Fortunately, the lock-on function is still intact, so you don’t actually have to worry about having a good aim once a firefight does break out. Samus’ quick strafe-dodge can still be used when locking on too, though it feels more natural to be able to strafe.
It may be more first-person platformer/adventure than shooter, but enemies do get increasingly tougher as you progress, with puzzle elements to tackling them. Certain foes are best frozen using the Ice Beam, then blown apart with missiles; others require different visors to keep track of. You have to hold down X then tap the D-pad to change your arm cannon’s properties, which can be fiddly maybe something like a weapon wheel would have been a nice addition.
Samus it ever was
We appreciate all the work that’s gone into making Prime a better looking and modern experience, but this isn’t a deluxe edition that crams in new features or bonus areas. There’s an unlockable gallery filled with concept art and models from both the remaster and original game, but that’s your lot.
Tallon IV is already such a fantastically realised world full of unexpected places and secrets, it feels unnecessary to throw in much more, but it might have been nice for completionists if the developer had added a better way to track what rooms still contain a bit of lore or data yet to be scanned.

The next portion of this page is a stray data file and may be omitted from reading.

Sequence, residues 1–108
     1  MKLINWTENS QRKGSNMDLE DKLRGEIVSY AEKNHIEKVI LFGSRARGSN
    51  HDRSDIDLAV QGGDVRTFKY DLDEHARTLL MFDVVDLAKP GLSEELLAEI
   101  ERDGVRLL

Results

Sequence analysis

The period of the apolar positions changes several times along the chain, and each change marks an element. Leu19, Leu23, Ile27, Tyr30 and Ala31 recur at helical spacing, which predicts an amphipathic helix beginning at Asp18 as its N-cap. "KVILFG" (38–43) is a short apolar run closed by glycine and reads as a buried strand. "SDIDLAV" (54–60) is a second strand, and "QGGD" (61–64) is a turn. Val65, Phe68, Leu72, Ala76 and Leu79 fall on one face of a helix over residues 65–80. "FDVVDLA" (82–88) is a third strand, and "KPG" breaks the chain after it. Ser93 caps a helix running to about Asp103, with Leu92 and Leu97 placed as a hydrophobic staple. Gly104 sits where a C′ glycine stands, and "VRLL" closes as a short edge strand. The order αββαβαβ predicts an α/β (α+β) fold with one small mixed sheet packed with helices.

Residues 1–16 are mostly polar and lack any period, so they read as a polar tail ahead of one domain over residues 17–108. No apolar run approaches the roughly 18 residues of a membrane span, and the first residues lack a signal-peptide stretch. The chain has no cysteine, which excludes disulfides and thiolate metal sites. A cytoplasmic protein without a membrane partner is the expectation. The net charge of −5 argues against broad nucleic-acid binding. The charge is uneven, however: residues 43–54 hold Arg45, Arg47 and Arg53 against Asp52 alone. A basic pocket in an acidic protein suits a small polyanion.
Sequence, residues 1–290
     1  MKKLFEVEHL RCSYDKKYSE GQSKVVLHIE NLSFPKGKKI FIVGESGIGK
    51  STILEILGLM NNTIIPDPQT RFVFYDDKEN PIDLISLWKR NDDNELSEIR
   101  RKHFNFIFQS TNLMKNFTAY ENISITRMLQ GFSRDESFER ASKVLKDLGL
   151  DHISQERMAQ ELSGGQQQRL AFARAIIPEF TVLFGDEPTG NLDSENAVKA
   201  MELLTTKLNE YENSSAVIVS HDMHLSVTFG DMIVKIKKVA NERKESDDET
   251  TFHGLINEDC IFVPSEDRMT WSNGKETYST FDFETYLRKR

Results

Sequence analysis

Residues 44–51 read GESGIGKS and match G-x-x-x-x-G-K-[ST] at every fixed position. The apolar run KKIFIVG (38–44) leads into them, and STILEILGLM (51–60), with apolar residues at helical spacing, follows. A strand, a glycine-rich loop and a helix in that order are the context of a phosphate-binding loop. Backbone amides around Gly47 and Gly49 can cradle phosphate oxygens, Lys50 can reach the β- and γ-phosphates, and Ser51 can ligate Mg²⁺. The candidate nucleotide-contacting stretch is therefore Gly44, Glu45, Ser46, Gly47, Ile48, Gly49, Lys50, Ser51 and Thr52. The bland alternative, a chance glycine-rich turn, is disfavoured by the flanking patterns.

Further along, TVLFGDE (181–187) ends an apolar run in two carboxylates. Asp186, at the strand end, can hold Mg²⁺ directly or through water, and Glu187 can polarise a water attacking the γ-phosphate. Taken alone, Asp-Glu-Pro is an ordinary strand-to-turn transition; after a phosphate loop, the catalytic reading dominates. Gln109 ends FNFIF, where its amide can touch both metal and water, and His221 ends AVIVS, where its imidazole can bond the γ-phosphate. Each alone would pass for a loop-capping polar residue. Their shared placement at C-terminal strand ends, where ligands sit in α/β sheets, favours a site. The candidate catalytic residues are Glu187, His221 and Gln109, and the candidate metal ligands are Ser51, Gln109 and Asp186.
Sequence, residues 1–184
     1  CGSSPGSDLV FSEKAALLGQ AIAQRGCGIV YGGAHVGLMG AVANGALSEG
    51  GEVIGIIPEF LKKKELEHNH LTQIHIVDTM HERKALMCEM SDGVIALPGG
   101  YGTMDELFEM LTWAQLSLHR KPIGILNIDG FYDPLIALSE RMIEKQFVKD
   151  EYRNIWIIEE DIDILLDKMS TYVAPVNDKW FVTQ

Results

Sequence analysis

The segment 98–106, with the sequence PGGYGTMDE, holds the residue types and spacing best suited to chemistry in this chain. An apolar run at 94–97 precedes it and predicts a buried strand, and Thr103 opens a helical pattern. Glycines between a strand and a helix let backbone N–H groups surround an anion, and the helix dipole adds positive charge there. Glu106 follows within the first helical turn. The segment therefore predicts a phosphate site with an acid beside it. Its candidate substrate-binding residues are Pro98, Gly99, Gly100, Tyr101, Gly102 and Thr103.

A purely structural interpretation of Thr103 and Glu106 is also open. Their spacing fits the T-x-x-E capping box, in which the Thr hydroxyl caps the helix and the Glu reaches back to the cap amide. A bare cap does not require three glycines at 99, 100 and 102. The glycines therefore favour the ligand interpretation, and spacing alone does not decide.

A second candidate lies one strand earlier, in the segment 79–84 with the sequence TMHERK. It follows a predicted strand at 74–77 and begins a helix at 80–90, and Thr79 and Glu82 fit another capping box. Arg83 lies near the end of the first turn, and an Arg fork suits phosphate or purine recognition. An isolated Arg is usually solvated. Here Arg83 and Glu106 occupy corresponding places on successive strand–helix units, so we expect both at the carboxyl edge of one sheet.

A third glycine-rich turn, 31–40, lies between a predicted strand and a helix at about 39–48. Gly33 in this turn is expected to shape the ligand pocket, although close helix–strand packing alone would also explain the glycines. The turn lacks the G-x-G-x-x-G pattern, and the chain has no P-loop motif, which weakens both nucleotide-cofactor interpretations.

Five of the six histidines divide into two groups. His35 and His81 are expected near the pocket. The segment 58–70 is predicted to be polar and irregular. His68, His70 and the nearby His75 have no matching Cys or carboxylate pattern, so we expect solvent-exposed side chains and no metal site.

By Nintendo standards at least, Prime Remastered it a bit of a bargain at £35. The firm had no qualms selling bare bone ports at full price in the past, so you’re getting plenty for your cash here. The lingering question now is whether the rest of the Prime Trilogy will follow suit, seeing how it won’t even be possible to buy the final game from April once the Wii U eShop closes down. Given the first Prime is the best of the three, we’ll be quite happy if Nintendo instead decides to give Wind Waker or Paper Mario the remaster treatment next.
Metroid Prime Remastered verdict
We don’t know when Metroid Prime 4 will finally land, but for now Retro Studios has shown what it’s capable of: a best-in-class remaster of the groundbreaking 3D original which looks as exciting and fresh on Switch today as when it first debuted on the GameCube 20 years ago.
Tallon IV is more detailed and lifelike than ever, while still containing the same labyrinthian designs and secrets. Admittedly you’ll still be backtracking through its areas a few more time than you’d like, but there’s usually always something new to discover with another upgrade you’ve just unlocked. For those new to Samus’ 3D adventure, it feels as outstanding as if it was a brand new game, which makes it even more of an essential purchase.
The best 3D Metroid game gets the best-looking update for the Switch
Looks amazing, like a brand new title
Excellent combination of platforming, exploration and combat
Modern FPS control scheme works a treat
Soundtrack still slaps
Original game’s backtracking remains
Those Chozo ghosts